According to a Bureau of Labor Statistics report released Tuesday, right-to-work regions have significantly more job opportunities, when to compared to non right-to-work states.
In a nutshell, the policy, which has passed in 24 states, outlaws forced union dues as a condition of employment.
The report breaks down all states into four categories, Northeast, Midwest, West and South. The report shows that the South, which has 12 right-to-work states, has the highest rate of job openings. The Northeast on the other hand, which has no right-to-work states, has less than half the number of job openings.
Additionally, the Midwest has the second highest number of right-to-work states, slightly more than the West. The two have alternated between having more job openings dating back to January of last year.
While supporters point to the increased job growth as an example of why the policy is beneficial, opponents argue it hurts workers and the economy in other ways. According to an Economic Policy Institute report by Heidi Shierholz and Elise Gould, the policy increases employment, but conversely, decreases wages and benefits.
“In this economic climate, something called right-to-work legislation sounds positive, but the name is misleading: these laws do not guarantee a job for anyone,” the report noted. “In fact, they make it illegal for a group of unionized workers to negotiate a contract that requires each employee who enjoys the benefits of the contract terms to pay his or her share of costs for negotiating and policing the contract.”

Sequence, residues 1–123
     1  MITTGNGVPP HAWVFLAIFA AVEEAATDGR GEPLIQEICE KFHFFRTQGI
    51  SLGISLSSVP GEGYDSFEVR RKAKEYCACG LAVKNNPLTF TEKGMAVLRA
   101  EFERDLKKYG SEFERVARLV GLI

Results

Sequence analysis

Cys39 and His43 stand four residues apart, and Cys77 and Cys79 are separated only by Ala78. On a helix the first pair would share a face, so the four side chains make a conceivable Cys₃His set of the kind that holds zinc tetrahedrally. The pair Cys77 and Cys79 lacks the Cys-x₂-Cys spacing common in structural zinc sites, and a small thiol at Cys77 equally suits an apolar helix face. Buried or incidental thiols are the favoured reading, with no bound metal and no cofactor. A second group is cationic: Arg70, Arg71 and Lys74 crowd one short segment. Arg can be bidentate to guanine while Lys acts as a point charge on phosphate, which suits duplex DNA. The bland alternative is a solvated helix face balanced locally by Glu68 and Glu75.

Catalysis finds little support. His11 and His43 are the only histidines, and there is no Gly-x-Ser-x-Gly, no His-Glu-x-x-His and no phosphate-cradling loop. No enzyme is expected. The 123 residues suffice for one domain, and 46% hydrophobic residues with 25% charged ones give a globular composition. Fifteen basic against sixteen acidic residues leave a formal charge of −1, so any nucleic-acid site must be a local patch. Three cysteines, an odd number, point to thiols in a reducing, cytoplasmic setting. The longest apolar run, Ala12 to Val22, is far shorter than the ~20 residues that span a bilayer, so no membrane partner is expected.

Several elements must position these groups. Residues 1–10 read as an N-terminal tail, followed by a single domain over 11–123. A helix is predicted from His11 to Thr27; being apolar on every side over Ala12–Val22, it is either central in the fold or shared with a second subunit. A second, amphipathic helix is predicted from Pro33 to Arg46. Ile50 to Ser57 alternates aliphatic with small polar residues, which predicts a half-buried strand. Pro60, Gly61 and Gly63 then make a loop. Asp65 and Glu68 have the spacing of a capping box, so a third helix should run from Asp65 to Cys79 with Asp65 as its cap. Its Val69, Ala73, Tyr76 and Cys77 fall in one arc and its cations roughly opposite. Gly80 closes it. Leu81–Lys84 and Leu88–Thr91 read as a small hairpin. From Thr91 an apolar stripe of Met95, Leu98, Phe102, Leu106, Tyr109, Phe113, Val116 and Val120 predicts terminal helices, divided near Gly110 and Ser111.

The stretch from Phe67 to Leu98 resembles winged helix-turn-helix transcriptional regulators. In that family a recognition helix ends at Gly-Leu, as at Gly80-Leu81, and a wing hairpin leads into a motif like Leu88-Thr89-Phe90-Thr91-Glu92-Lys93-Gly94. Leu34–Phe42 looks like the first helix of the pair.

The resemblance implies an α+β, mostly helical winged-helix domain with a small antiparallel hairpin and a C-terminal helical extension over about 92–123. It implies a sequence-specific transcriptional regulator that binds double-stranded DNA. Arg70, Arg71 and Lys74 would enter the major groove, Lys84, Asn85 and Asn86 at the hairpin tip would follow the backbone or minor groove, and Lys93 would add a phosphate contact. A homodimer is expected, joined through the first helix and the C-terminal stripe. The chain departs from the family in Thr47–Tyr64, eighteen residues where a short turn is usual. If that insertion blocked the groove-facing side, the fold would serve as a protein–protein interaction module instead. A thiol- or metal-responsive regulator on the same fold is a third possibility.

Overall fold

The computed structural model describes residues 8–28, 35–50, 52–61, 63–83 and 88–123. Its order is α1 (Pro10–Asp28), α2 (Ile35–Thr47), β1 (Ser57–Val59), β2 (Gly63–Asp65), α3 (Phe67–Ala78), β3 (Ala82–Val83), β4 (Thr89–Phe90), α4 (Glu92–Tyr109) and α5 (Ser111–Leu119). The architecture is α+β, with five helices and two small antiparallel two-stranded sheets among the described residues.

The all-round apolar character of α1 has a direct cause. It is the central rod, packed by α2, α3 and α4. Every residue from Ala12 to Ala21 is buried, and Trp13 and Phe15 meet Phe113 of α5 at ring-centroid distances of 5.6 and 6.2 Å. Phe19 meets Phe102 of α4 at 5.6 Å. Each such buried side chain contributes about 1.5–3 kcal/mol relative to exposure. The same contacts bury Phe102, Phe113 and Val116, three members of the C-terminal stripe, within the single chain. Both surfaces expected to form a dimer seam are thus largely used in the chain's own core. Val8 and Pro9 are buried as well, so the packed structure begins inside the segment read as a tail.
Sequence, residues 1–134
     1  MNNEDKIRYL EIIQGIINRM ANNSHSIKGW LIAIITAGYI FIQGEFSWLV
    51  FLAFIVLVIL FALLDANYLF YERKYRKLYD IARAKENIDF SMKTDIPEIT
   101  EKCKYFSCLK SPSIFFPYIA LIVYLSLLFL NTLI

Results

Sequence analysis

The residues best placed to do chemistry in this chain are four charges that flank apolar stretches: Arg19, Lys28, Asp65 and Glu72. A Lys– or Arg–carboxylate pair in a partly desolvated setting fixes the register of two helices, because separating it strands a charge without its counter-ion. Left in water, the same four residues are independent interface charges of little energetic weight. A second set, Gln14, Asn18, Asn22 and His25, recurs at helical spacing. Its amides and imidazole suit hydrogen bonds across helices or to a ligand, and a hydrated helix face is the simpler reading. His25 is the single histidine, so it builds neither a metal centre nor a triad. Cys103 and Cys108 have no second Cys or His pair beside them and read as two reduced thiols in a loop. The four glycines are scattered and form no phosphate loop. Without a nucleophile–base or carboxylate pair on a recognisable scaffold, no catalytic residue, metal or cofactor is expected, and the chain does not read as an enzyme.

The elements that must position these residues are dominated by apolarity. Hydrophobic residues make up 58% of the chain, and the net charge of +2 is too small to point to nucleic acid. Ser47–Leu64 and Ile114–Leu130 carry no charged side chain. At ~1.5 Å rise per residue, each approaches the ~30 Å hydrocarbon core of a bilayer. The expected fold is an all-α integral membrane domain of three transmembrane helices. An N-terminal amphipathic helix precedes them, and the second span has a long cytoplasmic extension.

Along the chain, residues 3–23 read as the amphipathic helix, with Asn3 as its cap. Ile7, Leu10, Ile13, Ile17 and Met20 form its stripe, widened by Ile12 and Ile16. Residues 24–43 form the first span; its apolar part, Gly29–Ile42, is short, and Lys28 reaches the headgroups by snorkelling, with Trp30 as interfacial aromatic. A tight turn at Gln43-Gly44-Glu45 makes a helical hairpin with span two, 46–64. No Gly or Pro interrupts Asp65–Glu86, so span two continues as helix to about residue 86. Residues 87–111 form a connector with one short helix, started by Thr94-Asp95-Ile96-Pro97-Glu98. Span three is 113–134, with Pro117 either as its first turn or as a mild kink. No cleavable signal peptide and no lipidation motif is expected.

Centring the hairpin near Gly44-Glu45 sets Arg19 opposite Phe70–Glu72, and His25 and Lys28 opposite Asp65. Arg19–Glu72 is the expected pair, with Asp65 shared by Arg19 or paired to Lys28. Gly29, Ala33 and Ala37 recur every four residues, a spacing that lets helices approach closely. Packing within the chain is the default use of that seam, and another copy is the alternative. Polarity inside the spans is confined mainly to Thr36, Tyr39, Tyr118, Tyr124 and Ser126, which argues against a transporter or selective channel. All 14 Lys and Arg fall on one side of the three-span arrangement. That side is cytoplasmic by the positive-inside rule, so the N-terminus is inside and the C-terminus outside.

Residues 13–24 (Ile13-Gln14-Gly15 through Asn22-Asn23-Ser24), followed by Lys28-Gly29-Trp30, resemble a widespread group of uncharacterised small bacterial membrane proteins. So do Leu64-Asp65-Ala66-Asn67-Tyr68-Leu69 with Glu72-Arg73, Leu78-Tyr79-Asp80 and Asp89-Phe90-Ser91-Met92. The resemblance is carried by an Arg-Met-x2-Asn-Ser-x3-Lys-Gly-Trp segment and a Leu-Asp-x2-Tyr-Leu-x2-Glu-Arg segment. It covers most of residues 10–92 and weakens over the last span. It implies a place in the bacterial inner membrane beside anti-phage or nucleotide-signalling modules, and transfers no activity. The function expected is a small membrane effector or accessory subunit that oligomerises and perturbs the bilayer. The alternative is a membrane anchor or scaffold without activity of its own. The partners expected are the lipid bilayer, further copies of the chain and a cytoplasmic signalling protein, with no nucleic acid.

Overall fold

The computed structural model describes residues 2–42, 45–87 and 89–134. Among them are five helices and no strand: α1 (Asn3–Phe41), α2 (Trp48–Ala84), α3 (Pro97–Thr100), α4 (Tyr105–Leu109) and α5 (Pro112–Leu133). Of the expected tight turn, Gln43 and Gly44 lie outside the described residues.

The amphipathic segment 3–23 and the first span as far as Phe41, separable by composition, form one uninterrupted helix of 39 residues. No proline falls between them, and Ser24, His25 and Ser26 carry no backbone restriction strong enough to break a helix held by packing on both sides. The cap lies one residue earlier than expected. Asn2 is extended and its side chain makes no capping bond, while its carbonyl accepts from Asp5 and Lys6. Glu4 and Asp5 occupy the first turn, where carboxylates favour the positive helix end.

“This provision directly limits the financial viability of unions, reducing their strength and ability to negotiate favorable contracts, higher wages, and better benefits,” the report continued. “Similarly, by diminishing union resources, an RTW law makes it more difficult for unions to provide a workers’ voice on policy issues ranging from unemployment insurance to workers compensation, minimum wages, and other areas.”
James Sherk, a senior policy analyst in labor economics at The Heritage Foundation, countered the free-rider claim by noting unions actually represent nonunion members voluntarily. Under the National Labor Relations Act, unions can choose to negotiate contracts covering only dues-paying members so long as they decide to be members only as opposed to exclusive bargaining representatives.
The report by EPI also concludes wages and benefits suffer in states that have adopted the policy.
“Once we control for our comprehensive set of both individual and state-level observable characteristics, we find that the mean effect of working in a right-to-work state is a 3.2% reduction in wages for workers in these states,” the report notes. “We also find a 2.6 and 4.8 percentage-point reduction in employer-sponsored health insurance and employer-sponsored pensions, respectively.”
Sherk argues that when cost of living is factored into the equation, there is no wage reduction.
“Average wages in right-to-work states are indeed slightly lower than in non-right-to-work states,” Sherk noted. “This occurs because almost every Southern state has a right-to-work law and the South has a lower cost of living.”
“Studies that control for differences in costs of living find workers in states with voluntary dues have no lower — and possibly slightly higher — real wages than workers in states with compulsory dues,” Sherk concluded.
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